Ithaca is also home to Taughannock Falls State Park, Buttermilk Falls State Park, and Robert Treman State Park. All three state parks are home to some of Ithaca’s best waterfalls and miles of hiking trails along forested paths, gorges, and creeks.
And, of course, not mentioning Cayuga Lake, the Finger Lake that Ithaca sits at the base of, would be an injustice! Route 89, one of the most scenic Finger Lakes drives, will take you from Ithaca up along the Western shore of Cayuga Lake. Along the way you will find yourself winding through picturesque vineyards, past the Cayuga Nature Center (a great stop!), and by the Allan H. Treman State Marine Park. Not to mention the gorgeous lake views along the way!
The best way to get to Ithaca, and to explore the city, is by car. If driving, the easiest way is to take I90, to exit 40, then route 34 down to Ithaca. If coming by plane, the Ithaca Tompkins International Airport is the best option, located about 4 miles outside the city.
While the waterfalls are gorgeous to see any time of year, fall is undoubtedly the best season. The natural beauty of Ithaca combined with the plethora of color that comes about with the changing of leaves will leave you stunned!
Melissa, Navigation Junkie
Kancamagus Highway, New Hampshire
The Kancamagus Highway is the outdoor enthusiast’s playground. This scenic byway runs through New Hampshire’s White Mountain National Forest, dazzling visitors with miles of evergreens, oaks, and panoramic lookout points. Although the Kanc technically starts in North Conway and ends in Lincoln, visitors can access it from either end – whether from I-93 in Lincoln or from Rt. 16 in North Conway.
Fall is the most popular season to drive the Kanc, as the beloved highway is regarded as one of the best places to see foliage in the U.S. Visitors can easily pull off the highway, hike, and locate the area’s best views, such as the Sugar Hill Overlook and Rocky Gorge. However, while the views are inarguably spectacular in autumn, visitors should prepare for heavy traffic during leaf peeping time, as tourists tend to stop here frequently to capture the stunning scenery.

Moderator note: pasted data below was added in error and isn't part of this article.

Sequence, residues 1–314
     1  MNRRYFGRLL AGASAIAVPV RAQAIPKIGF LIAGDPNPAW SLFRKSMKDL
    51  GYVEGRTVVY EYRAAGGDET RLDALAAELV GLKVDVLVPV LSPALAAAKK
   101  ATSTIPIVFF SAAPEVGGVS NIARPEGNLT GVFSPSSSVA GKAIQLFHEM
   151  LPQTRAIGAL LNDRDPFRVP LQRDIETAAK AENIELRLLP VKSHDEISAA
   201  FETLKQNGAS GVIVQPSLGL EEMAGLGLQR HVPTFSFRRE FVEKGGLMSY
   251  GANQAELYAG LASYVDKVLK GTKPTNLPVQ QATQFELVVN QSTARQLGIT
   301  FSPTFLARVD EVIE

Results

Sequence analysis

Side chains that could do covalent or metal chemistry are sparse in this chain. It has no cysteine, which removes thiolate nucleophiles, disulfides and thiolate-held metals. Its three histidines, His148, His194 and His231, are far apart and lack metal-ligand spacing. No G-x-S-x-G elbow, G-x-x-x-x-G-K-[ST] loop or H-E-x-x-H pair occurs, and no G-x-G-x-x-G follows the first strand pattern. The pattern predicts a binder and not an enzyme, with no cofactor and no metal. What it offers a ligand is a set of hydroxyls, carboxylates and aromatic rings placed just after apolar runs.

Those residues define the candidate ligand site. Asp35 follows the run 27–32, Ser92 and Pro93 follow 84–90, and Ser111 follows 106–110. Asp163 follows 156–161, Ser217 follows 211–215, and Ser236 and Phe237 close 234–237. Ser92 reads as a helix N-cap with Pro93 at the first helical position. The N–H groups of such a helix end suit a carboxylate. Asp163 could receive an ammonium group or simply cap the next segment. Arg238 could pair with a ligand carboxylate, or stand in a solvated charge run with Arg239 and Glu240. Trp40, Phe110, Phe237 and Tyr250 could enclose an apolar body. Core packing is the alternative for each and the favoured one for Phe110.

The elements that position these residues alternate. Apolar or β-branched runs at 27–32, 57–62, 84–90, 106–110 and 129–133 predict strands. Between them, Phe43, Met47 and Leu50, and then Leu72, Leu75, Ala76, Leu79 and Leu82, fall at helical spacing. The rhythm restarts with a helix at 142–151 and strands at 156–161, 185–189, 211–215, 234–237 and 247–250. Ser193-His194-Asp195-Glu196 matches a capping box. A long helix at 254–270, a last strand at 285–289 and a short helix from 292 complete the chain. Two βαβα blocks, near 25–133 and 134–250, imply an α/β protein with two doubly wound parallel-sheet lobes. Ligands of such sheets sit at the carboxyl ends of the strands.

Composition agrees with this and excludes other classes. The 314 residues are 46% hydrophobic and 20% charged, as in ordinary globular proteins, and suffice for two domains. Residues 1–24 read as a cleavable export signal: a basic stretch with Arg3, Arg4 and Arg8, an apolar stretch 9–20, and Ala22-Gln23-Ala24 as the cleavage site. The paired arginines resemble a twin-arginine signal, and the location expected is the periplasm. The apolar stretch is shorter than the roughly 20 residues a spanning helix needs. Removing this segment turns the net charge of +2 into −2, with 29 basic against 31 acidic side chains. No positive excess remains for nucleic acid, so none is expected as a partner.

Alternatively, those looking to enjoy a more peaceful experience may prefer to take the drive in the colder months, when the byway transforms into a winter wonderland. Fortunately, a New Hampshire winter offers travelers a host of new opportunities to take advantage of the striking surroundings. In fact, since the Kancamagus Highway provides a convenient passageway through the White Mountain National Forest, snow bunnies can take advantage of everything from sledding, to snowmobiling, to cross-country skiing.
While the Kanc is just shy of 35 miles long, those looking to explore it in more depth should allot a few hours to the experience. In addition, since there are no modern amenities like rest stations and food vendors along the highway, visitors should come prepared with any snacks and supplies they may require. That said, the Kancamagus Highway does offer the convenience of six campgrounds for travelers looking to enjoy extended stays.
Elena, The Carry-On Chronicles
Minnesota’s North Shore
Minnesota might not be the first place that comes to mind when you think of incredible outdoor destinations. But, the rugged cliffs, countless waterfalls, scenic viewpoints, and endless trails along Minnesota’s north shore of Lake Superior will surprise you.
From Duluth to Grand Portage, near the Canadian border, the north shore stretches some 150 miles. It’s a beloved destination for hikers, campers, backpackers, paddlers, cross country skiers and more.